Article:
Why do you have to take care of mom's house? Will sibs help at all? I also stayed out of that completely and sibs did it all. Though I was asked to help, once they locked me out of the house help had to be on their schedules. And I did not want to spend time with the. I provided the care, so did my part. Now it is their turn.

We can only do what we can do. What someone thinks they would do in hindsight and grief is ok for them. It us not realistic for most, if it were they would have done it when they had the opportunity. After someone passes we all have regrets, maybe theirs is they did not visit more. Those opinions are not helping you as it is an unrealistic expectation for them to put on you or you to put on yourself.
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Carnations714, some Mom's view their sons differently from their daughters. Sons are busy with their own work and with family so Mom's rarely will bother them with any problems. But the daughter, she will get an ear full and Mom will expect her to correct all the caregiving problems she is facing. Now let's throw in dementia into the mix... now it becomes really complicated.

Visit with your Mom as much as you think is right for you. Some children would spend all day at the facility, others might spend a 1/2 hour if that. Neither one is wrong.

My Mom is in long-term-care, and if she is sound asleep when I visit and if she doesn't respond to me calling out her name, I will just kiss her good-bye after a few minutes and leave the facility. If Mom is alert and chatty, I will stay for a 1/2 hour or more, but if I see her becoming agitated, then I will leave. I rather have her calm, thus that helps me not to feel so guilty when I leave.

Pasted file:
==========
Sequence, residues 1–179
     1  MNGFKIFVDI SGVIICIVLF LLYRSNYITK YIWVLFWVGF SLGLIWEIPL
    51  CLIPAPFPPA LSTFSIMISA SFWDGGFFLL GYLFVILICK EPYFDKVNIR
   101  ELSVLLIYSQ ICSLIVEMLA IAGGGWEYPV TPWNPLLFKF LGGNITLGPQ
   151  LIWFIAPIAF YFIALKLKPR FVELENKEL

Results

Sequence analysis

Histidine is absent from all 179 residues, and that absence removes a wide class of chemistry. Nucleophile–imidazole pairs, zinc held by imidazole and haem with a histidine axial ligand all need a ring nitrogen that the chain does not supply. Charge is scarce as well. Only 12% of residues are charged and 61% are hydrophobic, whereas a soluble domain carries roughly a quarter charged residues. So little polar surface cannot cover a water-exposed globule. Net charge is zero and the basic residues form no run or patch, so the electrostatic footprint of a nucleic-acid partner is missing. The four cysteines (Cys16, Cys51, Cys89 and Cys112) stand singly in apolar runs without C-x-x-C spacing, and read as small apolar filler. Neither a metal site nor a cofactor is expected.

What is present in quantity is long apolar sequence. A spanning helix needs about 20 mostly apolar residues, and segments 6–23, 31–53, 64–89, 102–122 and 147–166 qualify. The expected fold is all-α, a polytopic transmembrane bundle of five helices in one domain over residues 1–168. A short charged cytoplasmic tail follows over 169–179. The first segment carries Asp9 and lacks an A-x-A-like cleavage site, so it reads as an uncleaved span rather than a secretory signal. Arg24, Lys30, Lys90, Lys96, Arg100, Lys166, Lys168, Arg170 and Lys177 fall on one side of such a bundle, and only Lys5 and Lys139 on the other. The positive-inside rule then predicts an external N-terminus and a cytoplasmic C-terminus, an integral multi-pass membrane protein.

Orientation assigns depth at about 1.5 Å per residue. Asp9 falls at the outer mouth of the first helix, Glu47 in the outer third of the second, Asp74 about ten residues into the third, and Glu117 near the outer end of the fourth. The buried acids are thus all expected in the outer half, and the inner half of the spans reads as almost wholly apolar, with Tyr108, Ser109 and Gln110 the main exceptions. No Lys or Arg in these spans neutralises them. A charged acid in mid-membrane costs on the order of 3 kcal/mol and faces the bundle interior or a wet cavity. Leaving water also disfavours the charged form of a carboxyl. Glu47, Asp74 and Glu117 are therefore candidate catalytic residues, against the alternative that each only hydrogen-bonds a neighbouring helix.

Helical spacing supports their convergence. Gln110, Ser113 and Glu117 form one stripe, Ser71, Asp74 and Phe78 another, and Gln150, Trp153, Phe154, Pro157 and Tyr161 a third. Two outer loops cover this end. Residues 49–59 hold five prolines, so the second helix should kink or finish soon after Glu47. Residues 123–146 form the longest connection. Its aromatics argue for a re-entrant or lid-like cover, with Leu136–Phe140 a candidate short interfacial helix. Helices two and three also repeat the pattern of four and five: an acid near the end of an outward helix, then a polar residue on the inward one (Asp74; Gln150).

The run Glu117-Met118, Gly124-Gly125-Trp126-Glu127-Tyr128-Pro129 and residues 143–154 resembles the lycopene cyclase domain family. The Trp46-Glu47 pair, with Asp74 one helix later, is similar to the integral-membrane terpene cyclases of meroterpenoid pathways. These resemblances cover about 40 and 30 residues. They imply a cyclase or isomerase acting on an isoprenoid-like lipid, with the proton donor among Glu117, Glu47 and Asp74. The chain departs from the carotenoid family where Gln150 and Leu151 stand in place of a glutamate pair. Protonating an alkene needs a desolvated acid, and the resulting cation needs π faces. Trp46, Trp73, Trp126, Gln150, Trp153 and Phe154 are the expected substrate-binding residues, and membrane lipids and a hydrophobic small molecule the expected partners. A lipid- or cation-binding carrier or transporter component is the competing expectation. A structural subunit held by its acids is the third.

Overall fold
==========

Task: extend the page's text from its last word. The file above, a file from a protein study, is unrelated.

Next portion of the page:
Question, does your Mom have problems with hearing? I found the male voice is easier for my own Mom to hear than my own voice. Thus my Mom can't understand me, I can't understand her. It is so sad, it's like who is this person?
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First work on the issue of communication with your mother; the issue of sorting household things isn't critical at this time.

Your mother probably complains more to you I think because women tend to do that more with females than with males. Men I don't think are as interested in hearing complaints or are as verbally sympathetic, (not that they aren't - they just don't always verbalize it) or may not be comfortable hearing of issues for which solutions are hard to create.

I think also that women tend naturally to try to solve problems, sometimes if solutions aren't readily available. That's just our nature. Men try more to find ways of accepting and living with the issues. Both can act to blend together to offer reassurance. Perhaps you can discuss this with your brother and work out ways to tag team when you visit.

Or, instead of offering solutions, perhaps you can try to get more information on each specific complaint, taking notes, and indicating you'll do what you can to find out what, if anything can be done. At least your mother will know that you're listening, are sympathetic, and will try to find solutions.

On the other hand, it may not be solutions she's seeking, but rather a willing listener. Be sympathetic, offer understanding that these issues are hard, challenging, etc. Don't challenge her but reinforce and validate her feelings, but do try to segue into other issues, such as the change in the weather, family activities, or better yet, issues that interest and please her.